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Eye Exercises for Keratoconus

author image Johnalee Johnston
Based near America's "Gateway to the West," Li St. Michael has been writing professionally since 2005. Her culturally minded articles have appeared on various websites. St. Michael holds a Bachelor of Science in writing from Drury University and is set to receive a Masters degree in international relations in 2011.
Eye Exercises for Keratoconus
A woman is fitting a man for eyeglasses. Photo Credit: Ned Frisk/Blend Images/Getty Images

Keratoconus is a rare vision disorder that affects the shape of the eye. As of early 2011, the cause is unknown. At its worst, the condition causes the cornea to bulge, thin and shape-shift images into barely recognizable blobs. Remedies include corrective vision aids, and as a last resort, corneal transplant. Certain eye exercises can effectively slow vision degeneration in the early stages of the condition.

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Blurred vision and sensitivity to light often accompany the early stages of keratoconus. These symptoms develop from an astigmatism caused by the shifting of the cornea from a round to cone shape. Palming, an eye exercise developed by Dr. William Bates, helps to relieve astigmatism by reducing eye strain. To palm, sit or lie in a comfortable position, and place your right and left palm over your right and left eye. Relax, make sure that there's no seeping light, and breathe deeply for five to 10 minutes.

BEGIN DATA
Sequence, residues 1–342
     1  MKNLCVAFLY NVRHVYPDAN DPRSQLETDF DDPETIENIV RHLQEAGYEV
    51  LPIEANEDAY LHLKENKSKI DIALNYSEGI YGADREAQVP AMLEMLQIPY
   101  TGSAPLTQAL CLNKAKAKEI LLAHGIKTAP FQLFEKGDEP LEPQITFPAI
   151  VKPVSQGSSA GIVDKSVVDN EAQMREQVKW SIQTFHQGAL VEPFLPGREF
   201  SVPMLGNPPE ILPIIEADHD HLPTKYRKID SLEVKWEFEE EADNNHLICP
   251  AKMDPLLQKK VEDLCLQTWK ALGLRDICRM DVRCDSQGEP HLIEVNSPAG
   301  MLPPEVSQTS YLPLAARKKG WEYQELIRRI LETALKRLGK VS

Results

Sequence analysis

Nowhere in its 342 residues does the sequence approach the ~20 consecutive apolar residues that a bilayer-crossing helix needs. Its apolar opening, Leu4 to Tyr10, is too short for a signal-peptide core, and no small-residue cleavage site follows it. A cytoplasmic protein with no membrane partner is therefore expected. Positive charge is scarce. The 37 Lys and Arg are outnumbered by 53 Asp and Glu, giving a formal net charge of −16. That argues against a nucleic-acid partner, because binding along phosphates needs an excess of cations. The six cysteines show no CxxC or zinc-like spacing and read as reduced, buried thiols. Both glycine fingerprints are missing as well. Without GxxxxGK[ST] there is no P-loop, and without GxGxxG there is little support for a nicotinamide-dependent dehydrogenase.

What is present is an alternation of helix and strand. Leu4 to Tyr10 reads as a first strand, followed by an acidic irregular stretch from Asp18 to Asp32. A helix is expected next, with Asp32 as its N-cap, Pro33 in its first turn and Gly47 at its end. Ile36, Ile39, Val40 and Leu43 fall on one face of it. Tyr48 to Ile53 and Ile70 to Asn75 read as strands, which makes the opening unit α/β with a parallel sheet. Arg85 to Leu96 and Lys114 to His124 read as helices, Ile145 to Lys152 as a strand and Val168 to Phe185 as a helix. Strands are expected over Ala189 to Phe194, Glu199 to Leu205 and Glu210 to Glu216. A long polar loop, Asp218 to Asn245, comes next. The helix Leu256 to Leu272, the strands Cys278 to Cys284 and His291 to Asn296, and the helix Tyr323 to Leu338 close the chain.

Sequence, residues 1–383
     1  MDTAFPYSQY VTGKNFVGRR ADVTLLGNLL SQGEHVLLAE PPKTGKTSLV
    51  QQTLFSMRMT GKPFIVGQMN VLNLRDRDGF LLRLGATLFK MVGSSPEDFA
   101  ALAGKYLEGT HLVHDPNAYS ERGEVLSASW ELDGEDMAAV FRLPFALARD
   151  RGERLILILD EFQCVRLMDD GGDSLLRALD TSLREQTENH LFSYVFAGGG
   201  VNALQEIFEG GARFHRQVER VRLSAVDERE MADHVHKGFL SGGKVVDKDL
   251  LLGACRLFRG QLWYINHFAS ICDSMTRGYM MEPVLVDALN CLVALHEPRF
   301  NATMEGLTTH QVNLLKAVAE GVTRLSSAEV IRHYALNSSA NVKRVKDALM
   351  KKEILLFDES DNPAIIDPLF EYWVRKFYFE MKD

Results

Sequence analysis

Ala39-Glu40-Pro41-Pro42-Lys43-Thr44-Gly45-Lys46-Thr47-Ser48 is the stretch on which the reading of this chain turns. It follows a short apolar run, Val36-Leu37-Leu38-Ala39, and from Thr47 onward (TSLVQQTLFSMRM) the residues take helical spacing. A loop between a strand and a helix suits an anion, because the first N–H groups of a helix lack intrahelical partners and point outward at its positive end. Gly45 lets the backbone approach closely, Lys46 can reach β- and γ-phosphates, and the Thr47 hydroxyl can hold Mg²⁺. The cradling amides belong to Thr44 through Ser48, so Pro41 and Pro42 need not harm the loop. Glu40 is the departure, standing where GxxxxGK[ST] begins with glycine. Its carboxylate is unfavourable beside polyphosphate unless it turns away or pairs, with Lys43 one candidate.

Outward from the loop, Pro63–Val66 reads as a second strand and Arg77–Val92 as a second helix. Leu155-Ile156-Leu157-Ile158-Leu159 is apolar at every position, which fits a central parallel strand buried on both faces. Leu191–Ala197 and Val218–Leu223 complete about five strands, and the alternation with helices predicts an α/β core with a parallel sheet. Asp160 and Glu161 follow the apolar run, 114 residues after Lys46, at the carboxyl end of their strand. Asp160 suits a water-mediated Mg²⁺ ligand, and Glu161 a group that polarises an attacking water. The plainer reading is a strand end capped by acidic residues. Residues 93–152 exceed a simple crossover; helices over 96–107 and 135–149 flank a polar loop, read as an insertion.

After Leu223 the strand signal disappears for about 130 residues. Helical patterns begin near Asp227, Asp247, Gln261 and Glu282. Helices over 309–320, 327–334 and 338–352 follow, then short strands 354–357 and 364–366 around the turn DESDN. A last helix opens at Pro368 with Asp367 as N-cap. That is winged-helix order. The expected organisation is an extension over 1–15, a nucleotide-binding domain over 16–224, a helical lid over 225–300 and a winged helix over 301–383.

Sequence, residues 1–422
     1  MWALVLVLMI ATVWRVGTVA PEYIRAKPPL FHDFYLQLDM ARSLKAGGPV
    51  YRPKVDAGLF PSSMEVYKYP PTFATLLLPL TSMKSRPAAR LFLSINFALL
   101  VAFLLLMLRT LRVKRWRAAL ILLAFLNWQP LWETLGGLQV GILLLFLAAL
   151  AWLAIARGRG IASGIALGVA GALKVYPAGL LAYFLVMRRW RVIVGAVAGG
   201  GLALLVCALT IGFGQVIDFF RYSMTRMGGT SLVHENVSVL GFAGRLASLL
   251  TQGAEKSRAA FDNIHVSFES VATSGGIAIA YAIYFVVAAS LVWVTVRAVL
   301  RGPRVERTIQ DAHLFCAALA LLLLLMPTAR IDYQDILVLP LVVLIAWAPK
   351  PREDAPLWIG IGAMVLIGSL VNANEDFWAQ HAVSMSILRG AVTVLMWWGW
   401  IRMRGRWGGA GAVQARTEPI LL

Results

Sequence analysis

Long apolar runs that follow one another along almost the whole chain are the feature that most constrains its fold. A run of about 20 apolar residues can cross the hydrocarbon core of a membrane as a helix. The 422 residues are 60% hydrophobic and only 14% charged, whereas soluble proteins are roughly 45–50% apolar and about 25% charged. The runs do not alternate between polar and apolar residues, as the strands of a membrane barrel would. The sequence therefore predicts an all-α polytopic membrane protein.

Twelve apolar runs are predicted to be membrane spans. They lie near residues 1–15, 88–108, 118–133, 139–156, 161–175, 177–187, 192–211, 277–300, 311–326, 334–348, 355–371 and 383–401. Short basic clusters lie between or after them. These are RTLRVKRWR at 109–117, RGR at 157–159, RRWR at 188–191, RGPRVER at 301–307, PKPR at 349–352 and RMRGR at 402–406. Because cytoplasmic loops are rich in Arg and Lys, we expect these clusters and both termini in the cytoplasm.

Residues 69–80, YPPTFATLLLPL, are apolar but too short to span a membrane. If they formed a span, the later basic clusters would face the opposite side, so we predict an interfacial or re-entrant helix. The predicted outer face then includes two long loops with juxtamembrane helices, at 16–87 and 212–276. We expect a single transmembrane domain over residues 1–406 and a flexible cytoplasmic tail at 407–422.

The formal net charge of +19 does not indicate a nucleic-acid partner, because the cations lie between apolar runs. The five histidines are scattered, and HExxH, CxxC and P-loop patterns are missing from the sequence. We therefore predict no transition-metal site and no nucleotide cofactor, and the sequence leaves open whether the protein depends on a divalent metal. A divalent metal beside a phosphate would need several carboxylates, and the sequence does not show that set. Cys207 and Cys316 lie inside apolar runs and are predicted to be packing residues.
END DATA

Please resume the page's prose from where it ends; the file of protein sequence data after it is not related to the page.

The keratoconus cone-shaped eye results in refractive visual errors, or the eye’s inability to bend and focus light clearly on the retina. A common refraction in keratoconus is myopia, commonly called nearsightedness, which results in visual acuity loss. According to the American Optometric Association, racket and team sports help to improve your overall visual acuity and relieve myopia by revving up your eye-tracking, visual memory and reaction time, depth perception and peripheral vision skills.


Irregular light refractions in the eye often result in double and multiple vision problems in a single eye -- monocular and polyopia diplopia -- in keratoconus. The early stages of these conditions can be slowed through swaying exercises that harness the focusing ability of eye muscles. To sway, stand with your feet shoulder-length apart, choose an object in the distance as a focal point and sway from side to side, focusing your eyes on that object as your vision passes by.

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